“Yo, last year was 'bout brandin', this one about expandin'”
— Benny The Butcher, Burden of Proof
It's been exactly one year since posting the From Zero to One post on Figmatic's 1st birthday, so I'd like to continue these annual posts to do the same again today, to celebrate Figmatic turning 2 years old!
I thought it would be interesting to condense many of the awesome stats and achievements to look back on and celebrate for 2021 into a bullet list, and then jump into writing an incoherent essay about missing some other goals further down below, and then finally look ahead to 2022 at the end.
Things to celebrate from 2021 (tl;dr)
- 0 investors and $0 funding (still happily bootstrapped/default alive)
- 1 brand new Figma plugin shipped (Emailify)
- 2 other new Figma plugins (still) under development
- 6 hours spent in meetings for the year
- 12 free Figma templates released
- 24 new YouTube tutorials recorded
- 36 styles of danger
- 66 new tweets on our Twitter
- 402 new plugin updates and improvements shipped
- 690 total followers on our Figma Community profile
- ~1,000 new customer conversations via chat/email
- 290,000+ active plugin installs (up from 61,000 a year ago)
- Launched our Pro Bundle plans
- Added anime characters to our plugins for fun
- Shipped our Pixelay Chrome plugin
- Released our Enterprise admin dashboard
The latter half of 2021
While I am happy with the amount of updates and important improvements that were made across the board for our customers this year (above), the latter half of this year didn't quite go according to plan (and that's okay, for the most part).
It's been about 6 months since the last Long mission, short hype update, and in the last section talking about "the next 6 months", I mentioned that we would hopefully have another brand new Figma out by the end of the year; but this didn't happen for a few reasons:
- Underestimating the scope of the new Figma plugin
- Prioritizing improving our existing plugins
- Hitting breaking point during our sixth lockdown
- Working on developing a second new Figma plugin
I'll go more into detail for these below:
Underestimating the scope of the new Figma plugin
I knew from the outset that the path for starting Figmatic and developing plugins was going to lead to building solutions to more complex problems. This was pretty clear from building our Emailify plugin, which was re-built from scratch 3 different times before it finally shipped earlier this year. Like with that plugin and also our Convertify plugin, I underestimated the scope of the project before starting it.
One would assume that I would have deeply interalised this lesson by now, but when you're building products, the endpoint usually isn't totally clear from the outset. You can see a general shape of what you think it's going to be, but it's only by showing up each day and doing the work that you actually figure out all of this along the way. The magic of discovering what a product is going to become is all in the process of creating it. However, this also leads to "unknown unknowns", where there are certain things you don't even know that you don't know until you discover them along the way.
Normally, I like to ship the first version of things as quickly as possible, then talk with real users and customers to continually iterate on it from there based on their own problems that need to be solved. This approach has worked well, but depending on the plugin, there's varying degrees of what can pass for an initial version. For example, shipping a Figma to Sketch plugin that converts 50% of the layers in your design is more useful that nothing, but not useful enough to really solve the problem.
This is also true for the Emailify plugin; the first version of the plugin was missing a bunch of things that it now has today: a live preview, dark mode styles, animated GIF support, Google font support, automatic platform integrations etc. These are fine to leave out, because the problem of exporting HTML emails can still be solved without them, but the first version also had to do what it said on the box: export HTML emails from Figma. Shipping an initial version that didn't support text, or didn't support images wouldn't have worked, because you can't solve the core problem without those.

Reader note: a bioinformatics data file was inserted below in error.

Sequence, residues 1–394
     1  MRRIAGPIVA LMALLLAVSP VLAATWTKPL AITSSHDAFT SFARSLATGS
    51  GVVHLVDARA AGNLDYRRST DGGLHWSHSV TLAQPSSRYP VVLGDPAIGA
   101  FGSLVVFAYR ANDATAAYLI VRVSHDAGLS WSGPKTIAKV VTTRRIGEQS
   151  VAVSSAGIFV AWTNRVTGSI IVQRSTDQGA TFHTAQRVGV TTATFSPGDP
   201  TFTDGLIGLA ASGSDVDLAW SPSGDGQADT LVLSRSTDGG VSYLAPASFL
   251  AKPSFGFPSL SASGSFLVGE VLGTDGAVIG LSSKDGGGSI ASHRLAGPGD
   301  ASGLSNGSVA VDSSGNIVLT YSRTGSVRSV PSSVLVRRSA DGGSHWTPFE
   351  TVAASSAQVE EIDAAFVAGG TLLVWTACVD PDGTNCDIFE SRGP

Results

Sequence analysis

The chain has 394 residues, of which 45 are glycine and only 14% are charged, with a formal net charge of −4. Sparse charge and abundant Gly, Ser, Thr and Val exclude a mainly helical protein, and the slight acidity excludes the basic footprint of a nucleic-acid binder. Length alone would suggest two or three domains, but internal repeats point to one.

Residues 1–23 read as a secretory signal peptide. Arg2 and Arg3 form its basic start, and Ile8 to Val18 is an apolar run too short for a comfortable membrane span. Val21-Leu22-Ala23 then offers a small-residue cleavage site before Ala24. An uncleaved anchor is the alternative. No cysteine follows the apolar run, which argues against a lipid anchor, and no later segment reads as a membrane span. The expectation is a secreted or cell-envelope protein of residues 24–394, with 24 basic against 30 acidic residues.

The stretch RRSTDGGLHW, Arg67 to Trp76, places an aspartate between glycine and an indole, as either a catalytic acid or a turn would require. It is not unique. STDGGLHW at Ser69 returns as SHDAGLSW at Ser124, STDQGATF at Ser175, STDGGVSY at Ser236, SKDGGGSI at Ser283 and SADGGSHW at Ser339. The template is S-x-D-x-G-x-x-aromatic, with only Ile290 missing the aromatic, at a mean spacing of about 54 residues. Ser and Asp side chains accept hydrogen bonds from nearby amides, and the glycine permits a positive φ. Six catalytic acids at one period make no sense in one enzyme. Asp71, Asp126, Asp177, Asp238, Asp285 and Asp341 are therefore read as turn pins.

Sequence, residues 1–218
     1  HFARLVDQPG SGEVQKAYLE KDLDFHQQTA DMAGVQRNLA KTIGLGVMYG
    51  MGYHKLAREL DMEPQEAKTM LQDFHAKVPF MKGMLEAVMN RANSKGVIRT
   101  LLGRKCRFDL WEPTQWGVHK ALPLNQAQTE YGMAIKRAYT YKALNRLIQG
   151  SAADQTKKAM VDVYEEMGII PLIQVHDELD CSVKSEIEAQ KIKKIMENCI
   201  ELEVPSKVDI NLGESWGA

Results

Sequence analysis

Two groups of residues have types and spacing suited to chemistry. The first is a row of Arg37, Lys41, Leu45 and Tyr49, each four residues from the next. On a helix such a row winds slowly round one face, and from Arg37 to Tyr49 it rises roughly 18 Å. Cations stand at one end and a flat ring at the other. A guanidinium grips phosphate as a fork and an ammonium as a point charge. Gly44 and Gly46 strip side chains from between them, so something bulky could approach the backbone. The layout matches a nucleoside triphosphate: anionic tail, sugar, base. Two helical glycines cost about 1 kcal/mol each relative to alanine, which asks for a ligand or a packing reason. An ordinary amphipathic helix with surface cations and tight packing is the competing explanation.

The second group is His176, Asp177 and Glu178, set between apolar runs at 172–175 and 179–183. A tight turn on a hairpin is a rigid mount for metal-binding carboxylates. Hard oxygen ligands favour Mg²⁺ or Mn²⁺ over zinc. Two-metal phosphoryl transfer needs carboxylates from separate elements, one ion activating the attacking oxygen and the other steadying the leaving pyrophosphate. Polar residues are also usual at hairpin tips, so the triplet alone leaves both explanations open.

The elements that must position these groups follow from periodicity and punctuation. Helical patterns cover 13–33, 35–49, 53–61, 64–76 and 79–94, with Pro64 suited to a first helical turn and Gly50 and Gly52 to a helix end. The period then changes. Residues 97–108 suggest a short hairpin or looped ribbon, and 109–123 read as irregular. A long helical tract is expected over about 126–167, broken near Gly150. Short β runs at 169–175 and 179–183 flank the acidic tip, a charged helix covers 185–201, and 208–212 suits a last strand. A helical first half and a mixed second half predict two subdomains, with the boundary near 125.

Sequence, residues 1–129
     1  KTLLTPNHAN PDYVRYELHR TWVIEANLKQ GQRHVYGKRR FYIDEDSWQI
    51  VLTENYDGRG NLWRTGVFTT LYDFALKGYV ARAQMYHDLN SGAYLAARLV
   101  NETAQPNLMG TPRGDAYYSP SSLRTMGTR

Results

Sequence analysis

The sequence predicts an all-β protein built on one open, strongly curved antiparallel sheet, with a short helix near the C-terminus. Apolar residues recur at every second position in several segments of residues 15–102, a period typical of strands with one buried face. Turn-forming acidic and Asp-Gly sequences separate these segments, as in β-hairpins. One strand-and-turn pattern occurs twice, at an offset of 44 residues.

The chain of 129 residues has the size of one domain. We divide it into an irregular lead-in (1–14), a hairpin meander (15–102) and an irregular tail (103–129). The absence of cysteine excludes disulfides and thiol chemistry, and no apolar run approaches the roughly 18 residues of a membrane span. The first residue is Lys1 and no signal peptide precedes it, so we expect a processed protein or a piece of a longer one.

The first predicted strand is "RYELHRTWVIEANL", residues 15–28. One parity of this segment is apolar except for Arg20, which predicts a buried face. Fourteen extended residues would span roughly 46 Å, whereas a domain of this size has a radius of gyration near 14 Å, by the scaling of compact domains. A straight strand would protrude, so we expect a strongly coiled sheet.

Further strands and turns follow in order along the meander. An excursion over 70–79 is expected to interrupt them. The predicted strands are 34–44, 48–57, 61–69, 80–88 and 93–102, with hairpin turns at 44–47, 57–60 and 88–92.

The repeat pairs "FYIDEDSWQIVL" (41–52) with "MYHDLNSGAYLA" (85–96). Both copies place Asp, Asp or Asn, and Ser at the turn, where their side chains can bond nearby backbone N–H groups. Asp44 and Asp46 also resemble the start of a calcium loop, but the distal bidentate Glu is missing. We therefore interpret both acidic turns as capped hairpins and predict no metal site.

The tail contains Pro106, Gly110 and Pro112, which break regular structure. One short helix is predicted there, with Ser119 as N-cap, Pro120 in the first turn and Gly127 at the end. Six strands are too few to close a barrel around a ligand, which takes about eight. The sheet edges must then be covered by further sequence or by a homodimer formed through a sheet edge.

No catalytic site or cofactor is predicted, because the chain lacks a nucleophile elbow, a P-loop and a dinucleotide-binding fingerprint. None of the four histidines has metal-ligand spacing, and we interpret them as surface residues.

I suppose this is what's truly meant when people talk about MVP (minimum viable product), the minimum that you can ship to your users and still offer value for solving their problem.
Similar to Convertify and Emailify, the "minimum" bar is much higher for it to be valuable. Even with removing a bunch of "wishlist" items that are on the future roadmap, solving the core problem is important to get right, and shipping a half-baked version (which is neither "minimum" or "viable") seems like it would just be more annoying than if it didn't exist at all.
Prioritizing improving our existing plugins
On top of underestimating the scope of the new plugin above, I also underestimated how passionate our customers are with helping us make our Figma plugins as good as they can be. Looking back, this ended up being the major theme of 2021; taking all of the work that was done to ship these 10 Figma plugins and work with our users and customers to really refine and improve them this year. It feels like they're all in such a better spot than they were at the beginning of the year.
This is an incredible position to be in, where it truly feels like our customers are super invested in us and the success of our products; because they actually are, especially when they adopt them in their company as the way to solve a certain problem (like HTML banners or emails) across all of their teams. Having customers who want to use our products because they love what we're building is awesome, and it allows us to continue building them.
Whether they're super small quality of life improvements, or larger features and updates, this forces you on an almost daily basis to assess these requests against any previous or current priorities and weigh them up against each other to determine which is the most important for that day, week or month; and more crucially, which are compatible or incompatible with the overall vision for the product.